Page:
Updated news on the Gambino, Genovese, Bonanno, Lucchese and Colombo Organized Crime Families of New York City.

Thursday, December 25, 2014

Judge lets Genovese captain spend Christmas eve with his family

Reputed Genovese mobster Conrad Ianniello got a furlough from house arrest  to eat Christmas Eve dinner with his family. The 71-year-old was sentenced to 36 months in prison for extortion.
A Brooklyn judge granted a Christmas Eve wish to a 71-year-old gangster bound for prison.
Federal Judge Nicholas Garaufis lambasted reputed Genovese capo Conrad Ianniello at his sentencing earlier this month, making it clear that the gangster disgusts him.
But Ianniello took the verbal beatdown like a man, pleading through his lawyer this week and “respectfully requesting” a furlough from house arrest so he could attend a Christmas Eve family dinner at Da Nico restaurant in Staten Island.
Ianniello, 71, will miss at least the next two Christmas holidays with his wife as he serves a 36-month sentence for extorting a union official.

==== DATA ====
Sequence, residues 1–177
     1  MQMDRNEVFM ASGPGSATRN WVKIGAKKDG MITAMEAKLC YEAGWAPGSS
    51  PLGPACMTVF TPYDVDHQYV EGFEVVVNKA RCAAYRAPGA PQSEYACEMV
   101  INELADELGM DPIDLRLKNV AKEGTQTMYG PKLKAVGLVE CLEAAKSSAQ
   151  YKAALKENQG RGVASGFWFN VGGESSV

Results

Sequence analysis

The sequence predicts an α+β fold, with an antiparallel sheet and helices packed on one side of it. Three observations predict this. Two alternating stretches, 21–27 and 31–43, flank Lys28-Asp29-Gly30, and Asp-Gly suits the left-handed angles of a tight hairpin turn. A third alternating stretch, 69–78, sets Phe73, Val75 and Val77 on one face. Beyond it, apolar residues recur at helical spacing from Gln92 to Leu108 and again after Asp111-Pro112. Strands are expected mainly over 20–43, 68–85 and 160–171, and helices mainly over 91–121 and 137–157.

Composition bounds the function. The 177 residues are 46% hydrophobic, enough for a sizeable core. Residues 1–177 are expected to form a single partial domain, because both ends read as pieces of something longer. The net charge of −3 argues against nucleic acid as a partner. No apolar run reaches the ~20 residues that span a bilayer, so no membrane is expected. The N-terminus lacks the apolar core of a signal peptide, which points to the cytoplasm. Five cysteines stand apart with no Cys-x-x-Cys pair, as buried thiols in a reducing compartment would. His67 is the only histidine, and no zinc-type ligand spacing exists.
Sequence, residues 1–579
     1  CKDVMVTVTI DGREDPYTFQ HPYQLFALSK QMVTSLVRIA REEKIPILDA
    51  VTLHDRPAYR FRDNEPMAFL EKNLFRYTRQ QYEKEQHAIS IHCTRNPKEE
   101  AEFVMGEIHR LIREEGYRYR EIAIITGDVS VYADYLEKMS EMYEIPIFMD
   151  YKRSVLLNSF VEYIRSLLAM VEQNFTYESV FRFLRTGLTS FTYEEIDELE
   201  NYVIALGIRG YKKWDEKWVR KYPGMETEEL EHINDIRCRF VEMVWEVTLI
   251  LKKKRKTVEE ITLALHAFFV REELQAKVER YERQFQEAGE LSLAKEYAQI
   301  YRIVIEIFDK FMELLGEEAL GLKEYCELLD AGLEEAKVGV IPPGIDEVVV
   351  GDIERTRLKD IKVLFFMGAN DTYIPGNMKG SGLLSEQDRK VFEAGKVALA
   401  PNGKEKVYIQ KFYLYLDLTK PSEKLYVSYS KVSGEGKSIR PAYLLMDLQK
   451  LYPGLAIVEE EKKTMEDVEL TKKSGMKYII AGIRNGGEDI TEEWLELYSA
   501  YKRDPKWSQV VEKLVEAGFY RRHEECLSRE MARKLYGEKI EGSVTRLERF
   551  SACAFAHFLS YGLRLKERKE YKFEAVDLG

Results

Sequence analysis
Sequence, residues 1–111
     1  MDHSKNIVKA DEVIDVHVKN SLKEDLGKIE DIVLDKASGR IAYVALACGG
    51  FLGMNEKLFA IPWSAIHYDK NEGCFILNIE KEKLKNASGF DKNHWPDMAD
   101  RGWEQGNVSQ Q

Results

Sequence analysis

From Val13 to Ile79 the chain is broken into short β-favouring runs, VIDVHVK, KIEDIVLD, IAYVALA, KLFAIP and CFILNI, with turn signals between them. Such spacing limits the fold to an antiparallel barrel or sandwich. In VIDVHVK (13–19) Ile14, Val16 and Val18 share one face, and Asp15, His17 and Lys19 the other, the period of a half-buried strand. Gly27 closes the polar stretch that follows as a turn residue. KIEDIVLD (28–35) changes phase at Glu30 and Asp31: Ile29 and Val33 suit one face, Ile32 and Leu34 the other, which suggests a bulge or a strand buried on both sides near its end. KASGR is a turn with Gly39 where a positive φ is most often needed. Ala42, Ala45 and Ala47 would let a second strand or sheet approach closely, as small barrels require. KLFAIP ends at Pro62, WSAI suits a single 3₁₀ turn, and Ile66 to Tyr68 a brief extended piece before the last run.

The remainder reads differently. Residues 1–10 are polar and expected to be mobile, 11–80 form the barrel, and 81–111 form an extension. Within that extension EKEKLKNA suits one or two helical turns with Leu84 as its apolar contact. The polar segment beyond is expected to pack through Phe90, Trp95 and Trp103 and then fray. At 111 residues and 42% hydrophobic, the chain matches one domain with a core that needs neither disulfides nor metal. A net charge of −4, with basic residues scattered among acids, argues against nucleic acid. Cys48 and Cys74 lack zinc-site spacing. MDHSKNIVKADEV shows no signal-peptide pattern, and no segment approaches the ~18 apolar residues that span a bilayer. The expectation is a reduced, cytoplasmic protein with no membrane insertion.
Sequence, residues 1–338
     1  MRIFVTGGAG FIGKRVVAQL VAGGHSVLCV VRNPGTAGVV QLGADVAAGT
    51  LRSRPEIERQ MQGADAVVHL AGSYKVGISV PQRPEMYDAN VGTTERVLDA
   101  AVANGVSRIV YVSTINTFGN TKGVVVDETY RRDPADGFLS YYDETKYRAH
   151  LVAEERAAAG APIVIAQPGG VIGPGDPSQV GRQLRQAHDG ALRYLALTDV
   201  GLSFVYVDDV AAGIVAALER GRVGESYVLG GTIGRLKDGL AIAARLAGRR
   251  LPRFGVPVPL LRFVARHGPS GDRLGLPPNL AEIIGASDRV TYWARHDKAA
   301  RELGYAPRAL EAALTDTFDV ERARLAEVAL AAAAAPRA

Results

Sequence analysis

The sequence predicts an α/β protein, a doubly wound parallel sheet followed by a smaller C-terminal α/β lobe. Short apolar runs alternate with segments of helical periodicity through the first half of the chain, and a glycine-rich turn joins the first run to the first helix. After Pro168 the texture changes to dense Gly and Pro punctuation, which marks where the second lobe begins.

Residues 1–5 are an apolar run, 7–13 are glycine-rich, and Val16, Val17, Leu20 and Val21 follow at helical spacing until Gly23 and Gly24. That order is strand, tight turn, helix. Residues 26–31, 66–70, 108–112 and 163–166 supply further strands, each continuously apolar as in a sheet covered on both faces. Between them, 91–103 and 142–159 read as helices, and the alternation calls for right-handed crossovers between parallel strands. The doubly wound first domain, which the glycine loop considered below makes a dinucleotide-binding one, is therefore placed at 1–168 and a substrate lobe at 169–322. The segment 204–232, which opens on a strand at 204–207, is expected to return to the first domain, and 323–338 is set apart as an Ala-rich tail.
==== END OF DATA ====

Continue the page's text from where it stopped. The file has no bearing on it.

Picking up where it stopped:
Ianniello did not sound particularly remorseful about dispatching a mob goon to threaten the president of a rival union to make him stop trying to organize workers at a Long Island chocolate factory, leading to the judge’s epic tongue lashing.
“You’re bad for America,” Garaufis said on Dec. 11 in Brooklyn Federal Court with about 10 members of Ianniello’s family looking on.
“Your behavior disgusts me! You need to apologize to America. I have no sympathy for you. None. I don’t want to hear he’s sorry for his family. I want to talk about what he’s done to our country, he and his fellow mobsters!”
Ianniello, nephew of late Genovese underboss Matthew "Matty the Horse" Ianniello, said Wednesday he is grateful to the judge. His lawyer did not return a call.
Ianniello was allowed out of the house from 6:30 to 11 p.m. and is monitored by an electronic bracelet. The wiseguy surrenders next month to begin serving his term at a federal prison.
“I definitely appreciate it,” Ianniello told the Daily News. “My daughter and my sister will be there and I’ll miss them. I’m not getting any younger.”
Asked if he would partake in the Italian tradition of the feast of the seven fishes, Ianniello was noncommittal. “I’ll look at the menu and see what specials they have.”
Ianniello hesitated to reveal where he would be dining. “I don’t want a crowd showing up,” he said mysteriously.



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